TAKE NOTE: These advantages are only indicated for SHORT-TERM USE. Ketogenic diets also raise some concerns among physicians in this particular concern. The duration of ketogenic diet may range from a minimum (to induce the physiological ketosis) of 2–3 weeks to a maximum (following a general precautionary principle) of many months (6–12 months).
KD emerged as a medical tool in the early twentieth century, as a strategy to mimic fasting. It is not until 1920s and 1930s that there were initial reports released documenting its efficacy on epileptic seizures and attacks.
“The mental development has been normal in all patients, and exceptionally good in
seven of the twenty who are now free from attacks. In all the children treated with the
ketogenic diet there was a marked change in character, concomitant with the ketosis,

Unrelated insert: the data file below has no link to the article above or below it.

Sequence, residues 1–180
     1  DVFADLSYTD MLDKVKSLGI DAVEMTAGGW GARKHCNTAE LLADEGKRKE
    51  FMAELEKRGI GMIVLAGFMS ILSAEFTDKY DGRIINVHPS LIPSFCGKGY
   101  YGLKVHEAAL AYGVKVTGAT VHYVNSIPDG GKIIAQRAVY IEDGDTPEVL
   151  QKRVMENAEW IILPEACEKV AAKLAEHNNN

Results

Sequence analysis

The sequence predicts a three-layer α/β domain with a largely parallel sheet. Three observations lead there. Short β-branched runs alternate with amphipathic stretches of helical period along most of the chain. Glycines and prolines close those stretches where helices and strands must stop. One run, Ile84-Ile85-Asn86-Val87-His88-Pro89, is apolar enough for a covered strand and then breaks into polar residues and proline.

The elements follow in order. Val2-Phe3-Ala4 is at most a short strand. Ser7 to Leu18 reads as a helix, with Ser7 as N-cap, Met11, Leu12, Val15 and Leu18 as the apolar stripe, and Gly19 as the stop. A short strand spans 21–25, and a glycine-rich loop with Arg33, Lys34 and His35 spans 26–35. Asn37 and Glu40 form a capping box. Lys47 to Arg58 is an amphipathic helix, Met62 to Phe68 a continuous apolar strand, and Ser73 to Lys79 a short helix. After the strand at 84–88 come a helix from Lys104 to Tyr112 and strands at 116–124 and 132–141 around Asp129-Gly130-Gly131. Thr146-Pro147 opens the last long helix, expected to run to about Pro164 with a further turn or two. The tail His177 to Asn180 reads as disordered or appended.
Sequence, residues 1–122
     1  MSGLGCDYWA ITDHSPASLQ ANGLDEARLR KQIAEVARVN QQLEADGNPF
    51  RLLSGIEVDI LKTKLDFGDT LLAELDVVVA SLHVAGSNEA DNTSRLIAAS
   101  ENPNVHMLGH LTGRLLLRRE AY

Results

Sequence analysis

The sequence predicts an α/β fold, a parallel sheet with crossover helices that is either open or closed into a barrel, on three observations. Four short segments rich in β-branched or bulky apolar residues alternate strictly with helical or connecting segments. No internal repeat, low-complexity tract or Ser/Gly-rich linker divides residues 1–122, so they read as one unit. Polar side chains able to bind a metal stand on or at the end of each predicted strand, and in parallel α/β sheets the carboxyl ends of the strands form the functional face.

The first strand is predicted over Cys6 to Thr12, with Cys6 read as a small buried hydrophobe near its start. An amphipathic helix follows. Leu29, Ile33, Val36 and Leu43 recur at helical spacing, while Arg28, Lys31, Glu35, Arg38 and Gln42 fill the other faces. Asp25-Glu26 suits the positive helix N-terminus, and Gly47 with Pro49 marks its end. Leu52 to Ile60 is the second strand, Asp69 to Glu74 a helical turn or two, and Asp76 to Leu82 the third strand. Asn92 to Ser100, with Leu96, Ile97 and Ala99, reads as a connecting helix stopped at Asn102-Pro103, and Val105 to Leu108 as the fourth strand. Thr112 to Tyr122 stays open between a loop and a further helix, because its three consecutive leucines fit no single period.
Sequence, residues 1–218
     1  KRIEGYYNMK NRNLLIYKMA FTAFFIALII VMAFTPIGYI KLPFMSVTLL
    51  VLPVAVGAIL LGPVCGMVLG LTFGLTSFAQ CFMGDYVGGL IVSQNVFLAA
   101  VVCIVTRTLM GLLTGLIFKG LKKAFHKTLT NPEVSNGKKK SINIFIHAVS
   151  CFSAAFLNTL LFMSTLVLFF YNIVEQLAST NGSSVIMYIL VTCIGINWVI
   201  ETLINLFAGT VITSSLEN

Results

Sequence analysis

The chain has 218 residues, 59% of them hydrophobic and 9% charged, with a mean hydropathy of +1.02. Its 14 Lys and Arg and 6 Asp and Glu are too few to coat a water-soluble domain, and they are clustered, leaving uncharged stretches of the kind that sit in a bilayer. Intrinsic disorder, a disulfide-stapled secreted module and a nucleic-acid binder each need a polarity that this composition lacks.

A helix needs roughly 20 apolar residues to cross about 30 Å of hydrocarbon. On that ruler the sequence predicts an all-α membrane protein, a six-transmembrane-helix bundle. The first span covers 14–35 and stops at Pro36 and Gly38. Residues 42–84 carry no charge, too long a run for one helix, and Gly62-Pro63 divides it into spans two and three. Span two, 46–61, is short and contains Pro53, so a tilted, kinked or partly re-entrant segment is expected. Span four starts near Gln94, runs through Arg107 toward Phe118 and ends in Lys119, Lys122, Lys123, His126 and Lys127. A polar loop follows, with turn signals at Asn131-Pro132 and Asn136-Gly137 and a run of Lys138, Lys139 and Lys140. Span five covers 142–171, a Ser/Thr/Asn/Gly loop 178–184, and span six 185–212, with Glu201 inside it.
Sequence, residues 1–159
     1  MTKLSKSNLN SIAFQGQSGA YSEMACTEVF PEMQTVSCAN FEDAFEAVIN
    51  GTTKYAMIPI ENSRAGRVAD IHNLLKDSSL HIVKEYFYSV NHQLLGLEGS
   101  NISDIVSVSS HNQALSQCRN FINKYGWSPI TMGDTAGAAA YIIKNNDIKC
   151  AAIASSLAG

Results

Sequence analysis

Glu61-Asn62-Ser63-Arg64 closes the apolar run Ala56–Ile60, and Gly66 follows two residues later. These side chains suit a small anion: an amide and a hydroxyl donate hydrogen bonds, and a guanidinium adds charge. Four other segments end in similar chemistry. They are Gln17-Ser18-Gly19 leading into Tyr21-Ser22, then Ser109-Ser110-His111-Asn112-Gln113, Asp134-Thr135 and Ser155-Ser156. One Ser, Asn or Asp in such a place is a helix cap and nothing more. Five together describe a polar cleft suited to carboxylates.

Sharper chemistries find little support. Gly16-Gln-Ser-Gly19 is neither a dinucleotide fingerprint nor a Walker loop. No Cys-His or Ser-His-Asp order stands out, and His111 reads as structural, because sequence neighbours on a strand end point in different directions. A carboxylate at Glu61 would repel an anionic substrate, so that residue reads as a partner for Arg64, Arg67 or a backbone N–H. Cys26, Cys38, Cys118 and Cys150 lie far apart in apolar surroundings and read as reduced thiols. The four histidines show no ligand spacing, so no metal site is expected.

a decrease in irritability, and an increased interest and alertness; the children slept
better and were more easily disciplined. This action of the diet warrants further
• Alzheimer's Disease
KD might increase the achievable levels of ketone bodies which has the potential to improve brain metabolism, reduce accumulation of Aβ plaques, and reverse Aβ toxicity to support neurogenesis rather than neuronal cell death. 
Even though this has yet to be proven, studies has shown a correlation of ketogenic diet involving increased ketone levels and carbohydrate reduction as an effective treatment and prevention strategy for the disease.
• PCOS (Polycystic Ovary Syndrome)
• For Diabetes/Prediabetes
Another study compared a ketogenic group with a glycemic index diet group (typical low-carb diet for diabetics) and found that 95.2% of the ketogenic group were able to stop or reduce diabetes medication, compared to 62% in the GI diet group. 
This perhaps supports the study that found the ketogenic diet improved insulin sensitivity by 75%. 
Summary of the Pros: